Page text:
Wednesday, March 28, 2007

Mini Book Reviews

Ted Williams: The Biography of an American Hero by Leigh Montville

As you guys probably know, Ted Williams was and is my favorite player of all time. Unlike some heroes (like DiMaggio - more on him later), even the sanitized, hero-worship stories of Williams made it clear that while he may have been a great hitter, but he was a grade-A jerk. So at no point in my life was there any casting-aside of childhood illusions of perfection - I was always well aware of Williams' dickish tendencies.

The story of Williams early life and baseball career was something I already knew well, so what interested me the most was reading about the end of Williams' life. The whole "freezing" story is well known, but reading in depth about Williams' son...well, lets just say that he's a piece of work. Hearing about someone becoming frail and demented in old age is always sad, but it's seems more tragic when someone larger than life shrinks to that point.

Montville's biography is very good - I like his writing style, and I look forward to reading his more recent biography on Babe Ruth.

Joe DiMaggio : The Hero's Life by Richard Ben Cramer

I've always loved the story about DiMaggio saying that he would always try his hardest because someone might be watching him for the first or the last time. But I love the story not because it has a great moral but because it speaks volumes about DiMaggio's obsession with image. Williams was always viewed as a selfish player (he was) who had a huge ego (he did), but the fact that DiMaggio cared so much about what other people thought of him is selfish as well. Both men were viewed through the lens of their caricature - Williams as the loudmouth jerk who cared only about hitting, and DiMaggio as the quiet team player. But in reality, they had much more in common than the public perception would indicate.

"The Hero's Life" basically stops halfway through the book to do a mini-biography on Marilyn Monroe, which is, if anything, more interesting than the rest of the book. But the whole book is great - it paints a vivid picture of a man struggling through his whole life to have any kind of a real relationship with anyone. Reading about Ted Williams (at least until the story of the end of his life), put a smile on my face. Reading about Joe DiMaggio - a hero, an idol - made me feel pity.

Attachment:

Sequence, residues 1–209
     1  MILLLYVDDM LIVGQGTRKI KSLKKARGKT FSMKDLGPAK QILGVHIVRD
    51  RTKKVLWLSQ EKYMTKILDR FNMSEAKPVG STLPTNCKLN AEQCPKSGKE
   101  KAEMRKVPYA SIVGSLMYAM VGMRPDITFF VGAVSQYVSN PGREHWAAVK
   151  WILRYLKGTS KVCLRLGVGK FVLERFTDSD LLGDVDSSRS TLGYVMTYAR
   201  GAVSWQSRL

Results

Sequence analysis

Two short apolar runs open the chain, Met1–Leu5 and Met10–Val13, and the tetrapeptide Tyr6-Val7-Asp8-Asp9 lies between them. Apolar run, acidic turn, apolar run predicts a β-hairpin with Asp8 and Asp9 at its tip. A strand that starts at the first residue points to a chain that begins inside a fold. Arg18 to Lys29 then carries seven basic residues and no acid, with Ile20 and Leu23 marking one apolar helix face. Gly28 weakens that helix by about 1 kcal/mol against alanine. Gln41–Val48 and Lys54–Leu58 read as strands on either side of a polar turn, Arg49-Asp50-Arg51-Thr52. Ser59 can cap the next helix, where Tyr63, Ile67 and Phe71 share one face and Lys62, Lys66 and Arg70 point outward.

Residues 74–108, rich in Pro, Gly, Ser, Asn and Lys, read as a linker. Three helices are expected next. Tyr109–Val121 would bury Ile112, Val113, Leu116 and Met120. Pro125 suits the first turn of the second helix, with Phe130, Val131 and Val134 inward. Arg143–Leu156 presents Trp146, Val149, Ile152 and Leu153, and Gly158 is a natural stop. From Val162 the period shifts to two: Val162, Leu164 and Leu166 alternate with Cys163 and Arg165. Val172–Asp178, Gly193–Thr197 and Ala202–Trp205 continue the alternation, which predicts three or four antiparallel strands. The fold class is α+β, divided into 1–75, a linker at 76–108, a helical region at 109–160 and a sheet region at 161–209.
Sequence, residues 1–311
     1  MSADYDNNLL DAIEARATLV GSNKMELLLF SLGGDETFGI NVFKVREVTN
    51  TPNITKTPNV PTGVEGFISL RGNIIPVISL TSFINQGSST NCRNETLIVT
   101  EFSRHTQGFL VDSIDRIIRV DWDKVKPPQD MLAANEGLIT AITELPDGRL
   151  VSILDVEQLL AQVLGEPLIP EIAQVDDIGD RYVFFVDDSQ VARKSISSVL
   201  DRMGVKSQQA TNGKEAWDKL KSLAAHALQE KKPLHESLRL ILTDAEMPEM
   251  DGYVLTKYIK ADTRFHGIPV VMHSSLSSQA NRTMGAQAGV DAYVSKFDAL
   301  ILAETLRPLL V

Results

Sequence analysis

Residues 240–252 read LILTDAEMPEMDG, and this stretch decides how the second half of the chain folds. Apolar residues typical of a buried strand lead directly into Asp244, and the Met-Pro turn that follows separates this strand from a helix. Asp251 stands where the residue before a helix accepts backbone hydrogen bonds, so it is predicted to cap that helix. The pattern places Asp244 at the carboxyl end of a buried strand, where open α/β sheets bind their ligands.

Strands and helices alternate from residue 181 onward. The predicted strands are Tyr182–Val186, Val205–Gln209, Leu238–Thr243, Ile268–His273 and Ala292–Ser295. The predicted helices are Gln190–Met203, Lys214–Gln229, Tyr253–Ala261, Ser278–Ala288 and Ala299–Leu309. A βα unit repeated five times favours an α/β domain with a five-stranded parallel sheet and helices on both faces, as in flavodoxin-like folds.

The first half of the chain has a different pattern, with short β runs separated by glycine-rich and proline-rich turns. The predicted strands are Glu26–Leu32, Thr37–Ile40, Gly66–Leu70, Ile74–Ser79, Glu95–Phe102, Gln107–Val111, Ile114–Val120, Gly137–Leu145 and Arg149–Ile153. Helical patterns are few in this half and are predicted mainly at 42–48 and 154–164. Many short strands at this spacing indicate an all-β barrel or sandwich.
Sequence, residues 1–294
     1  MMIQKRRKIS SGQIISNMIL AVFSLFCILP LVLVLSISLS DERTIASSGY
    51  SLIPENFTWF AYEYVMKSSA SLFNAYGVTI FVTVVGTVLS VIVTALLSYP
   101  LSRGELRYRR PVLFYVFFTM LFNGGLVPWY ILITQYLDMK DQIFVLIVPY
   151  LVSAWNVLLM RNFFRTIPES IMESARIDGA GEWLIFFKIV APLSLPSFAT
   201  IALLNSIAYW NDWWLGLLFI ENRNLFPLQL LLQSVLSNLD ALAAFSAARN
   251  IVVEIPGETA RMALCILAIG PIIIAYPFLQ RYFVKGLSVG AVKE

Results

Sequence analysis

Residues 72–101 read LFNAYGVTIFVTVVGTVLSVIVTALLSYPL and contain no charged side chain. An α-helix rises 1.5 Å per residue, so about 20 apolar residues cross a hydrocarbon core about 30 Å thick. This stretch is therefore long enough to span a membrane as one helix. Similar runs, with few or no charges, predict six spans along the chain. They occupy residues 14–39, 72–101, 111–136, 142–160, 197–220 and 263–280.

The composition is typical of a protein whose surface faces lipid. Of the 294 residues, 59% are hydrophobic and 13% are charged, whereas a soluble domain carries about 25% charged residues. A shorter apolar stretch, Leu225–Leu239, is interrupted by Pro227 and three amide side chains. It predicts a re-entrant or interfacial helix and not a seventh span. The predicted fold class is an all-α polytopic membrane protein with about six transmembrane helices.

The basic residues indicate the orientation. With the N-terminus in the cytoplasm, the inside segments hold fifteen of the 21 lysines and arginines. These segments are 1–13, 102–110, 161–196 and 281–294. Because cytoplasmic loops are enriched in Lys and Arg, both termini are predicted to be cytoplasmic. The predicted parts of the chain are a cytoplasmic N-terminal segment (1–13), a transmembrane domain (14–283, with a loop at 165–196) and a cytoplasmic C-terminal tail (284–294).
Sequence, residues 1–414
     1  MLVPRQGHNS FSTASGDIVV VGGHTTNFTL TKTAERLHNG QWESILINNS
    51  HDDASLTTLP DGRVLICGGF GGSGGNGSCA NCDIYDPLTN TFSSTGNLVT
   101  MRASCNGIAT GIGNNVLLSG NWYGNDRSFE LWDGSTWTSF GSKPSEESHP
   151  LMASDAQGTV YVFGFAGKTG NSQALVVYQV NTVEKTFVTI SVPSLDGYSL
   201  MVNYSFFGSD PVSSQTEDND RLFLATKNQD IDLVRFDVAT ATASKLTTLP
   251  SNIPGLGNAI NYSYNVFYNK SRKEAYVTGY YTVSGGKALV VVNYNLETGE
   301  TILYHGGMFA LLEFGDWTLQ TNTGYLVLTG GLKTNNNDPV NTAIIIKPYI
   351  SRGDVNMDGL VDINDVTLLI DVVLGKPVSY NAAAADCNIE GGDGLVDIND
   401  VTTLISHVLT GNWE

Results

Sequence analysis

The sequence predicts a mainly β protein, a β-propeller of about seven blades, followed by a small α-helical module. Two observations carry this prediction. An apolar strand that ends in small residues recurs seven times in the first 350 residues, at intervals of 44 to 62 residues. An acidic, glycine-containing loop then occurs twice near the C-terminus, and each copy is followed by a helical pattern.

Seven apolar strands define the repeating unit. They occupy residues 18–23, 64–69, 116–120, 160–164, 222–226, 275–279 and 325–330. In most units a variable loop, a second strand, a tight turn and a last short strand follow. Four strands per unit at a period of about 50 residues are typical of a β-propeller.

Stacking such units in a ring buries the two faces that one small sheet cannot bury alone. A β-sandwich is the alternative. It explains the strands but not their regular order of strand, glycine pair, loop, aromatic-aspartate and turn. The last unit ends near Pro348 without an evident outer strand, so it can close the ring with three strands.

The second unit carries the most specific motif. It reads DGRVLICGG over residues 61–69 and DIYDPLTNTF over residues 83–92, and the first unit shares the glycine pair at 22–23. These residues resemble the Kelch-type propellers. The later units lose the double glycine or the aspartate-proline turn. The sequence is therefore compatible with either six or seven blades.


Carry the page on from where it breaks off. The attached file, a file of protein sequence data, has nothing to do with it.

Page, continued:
The Book: Playing the Percentages in Baseball by Tom M. Tango, Mitchel Lichtman, Andrew Dolphin

By nerds, for nerds. It's dense, but I found it worth the effort. There are studies on a variety of issues - clutch hitting, batting orders, leveraging relievers - but my favorite was the most in-depth analysis of the sacrifice bunt I've seen (by far). The biggest surprise was how much the infield depth affects the chance of a sacrifice bunt working (not just trading an out for a base, but the rarer but still common cases where both runners are safe). They found that most hitters, even very good ones, can "profitably" bunt if the defense isn't expecting it (like, say, in the early innings).

A Clever Base-Ballist: The Life and Times of John Montgomery Ward by Bryan Di Salvatore

I've had this on my must-read list for years, so I was disappointed when the book was only so-so. Like many biographies of 19th- and early 20th-century stars that I've read (Honus Wagner, Cy Young), there just isn't enough information to fill a whole biography with interesting stories. My sense is that John Ward's life was just as, or more, interesting than Williams or DiMaggio's, but unfortunately, much of the record of that is lost.

It was interesting to read about a subject that I didn't know all that much about - the short-lived Players League. But ultimately, the book didn't have enough meat on the bones.

Dollar Sign on the Muscle: The World of Baseball Scouting by Kevin Kerrane

Another book long on my must-read list, and this one exceeded my expectations. This definitely makes the short list of the best baseball books I've read - it's a fascinating look into the world of scouts. There's a chapter on the Phillies' 1981 draft that's an interesting comparison to the draft chapter in Moneyball. There are stories of the pre-draft days, tales about cross-checkers in the post-draft era, and descriptions about life on the road. Definitely highly recommended.

I believe the book is out of print, so it's harder to find than the others, but it's well worth tracking down.

3 comments:

Sully said...

I'm actually about to read the Williams bio, and I'm looking forward to it. I do dread reading about the end, though. As bad as it sounds, John Henry got what was coming to him.

Warren said...

Hope you enjoy. When reading about the Alcor stuff a couple of years ago, it was unclear which side was really doing what Ted would have wanted. Lots of people are just viscerally icked out by the freezing, but that doesn't bother me. I just figured people were weirded out, and assumed John Henry was at fault simply because they were squeamish.

But after reading more, it's pretty clear that John Henry was a complete scumbag, so he probably just made the whole thing up in a sick attempt to somehow profit from it later (selling Ted Williams DNA or something).

John Henry's death is pretty low on the list of things that keep me up at night.

Tangotiger said...

Thank you kindly for the review of The Book.

Tom